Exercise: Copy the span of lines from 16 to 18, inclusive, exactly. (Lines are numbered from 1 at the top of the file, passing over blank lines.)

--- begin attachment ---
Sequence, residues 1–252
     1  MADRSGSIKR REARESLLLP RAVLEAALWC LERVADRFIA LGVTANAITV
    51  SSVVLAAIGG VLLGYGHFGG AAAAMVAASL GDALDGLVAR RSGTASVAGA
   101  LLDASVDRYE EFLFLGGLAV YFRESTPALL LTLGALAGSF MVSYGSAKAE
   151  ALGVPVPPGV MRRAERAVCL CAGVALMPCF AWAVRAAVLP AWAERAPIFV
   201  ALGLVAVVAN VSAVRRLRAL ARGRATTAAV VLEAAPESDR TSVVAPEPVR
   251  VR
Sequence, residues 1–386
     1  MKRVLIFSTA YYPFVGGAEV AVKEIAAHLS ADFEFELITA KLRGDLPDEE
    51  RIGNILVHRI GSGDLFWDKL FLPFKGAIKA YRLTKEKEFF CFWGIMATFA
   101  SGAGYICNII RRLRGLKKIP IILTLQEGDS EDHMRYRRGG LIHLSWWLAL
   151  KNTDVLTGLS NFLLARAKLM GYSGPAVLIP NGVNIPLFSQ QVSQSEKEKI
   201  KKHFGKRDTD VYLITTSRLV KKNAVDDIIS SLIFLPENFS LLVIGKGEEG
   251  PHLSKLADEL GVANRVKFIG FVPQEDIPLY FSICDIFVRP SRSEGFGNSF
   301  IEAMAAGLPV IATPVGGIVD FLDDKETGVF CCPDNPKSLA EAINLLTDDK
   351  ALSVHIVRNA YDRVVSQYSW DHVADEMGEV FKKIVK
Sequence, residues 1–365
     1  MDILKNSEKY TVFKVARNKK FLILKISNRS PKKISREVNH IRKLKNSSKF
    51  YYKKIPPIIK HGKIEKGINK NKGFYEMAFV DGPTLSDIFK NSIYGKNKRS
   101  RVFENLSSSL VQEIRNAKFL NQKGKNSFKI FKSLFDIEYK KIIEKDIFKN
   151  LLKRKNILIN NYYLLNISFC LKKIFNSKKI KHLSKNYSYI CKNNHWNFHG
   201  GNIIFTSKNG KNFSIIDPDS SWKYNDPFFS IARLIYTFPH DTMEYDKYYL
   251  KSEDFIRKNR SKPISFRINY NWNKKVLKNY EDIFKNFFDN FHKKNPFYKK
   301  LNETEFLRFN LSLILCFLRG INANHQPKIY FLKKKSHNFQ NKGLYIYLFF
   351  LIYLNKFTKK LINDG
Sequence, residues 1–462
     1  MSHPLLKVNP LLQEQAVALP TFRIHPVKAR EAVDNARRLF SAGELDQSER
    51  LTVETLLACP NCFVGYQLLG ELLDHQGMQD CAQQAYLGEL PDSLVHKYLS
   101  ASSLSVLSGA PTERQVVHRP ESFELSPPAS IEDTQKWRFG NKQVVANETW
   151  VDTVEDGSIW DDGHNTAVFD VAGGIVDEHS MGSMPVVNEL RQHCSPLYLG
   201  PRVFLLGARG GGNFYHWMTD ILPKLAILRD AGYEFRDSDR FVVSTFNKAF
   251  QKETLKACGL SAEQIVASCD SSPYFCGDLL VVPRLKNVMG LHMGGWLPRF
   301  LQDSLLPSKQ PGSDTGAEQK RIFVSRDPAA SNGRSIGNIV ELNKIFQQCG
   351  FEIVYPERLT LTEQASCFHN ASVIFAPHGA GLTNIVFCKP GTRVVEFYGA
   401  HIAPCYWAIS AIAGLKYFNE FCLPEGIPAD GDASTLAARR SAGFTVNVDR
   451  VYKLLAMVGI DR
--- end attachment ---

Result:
   351  ALSVHIVRNA YDRVVSQYSW DHVADEMGEV FKKIVK
Sequence, residues 1–365
     1  MDILKNSEKY TVFKVARNKK FLILKISNRS PKKISREVNH IRKLKNSSKF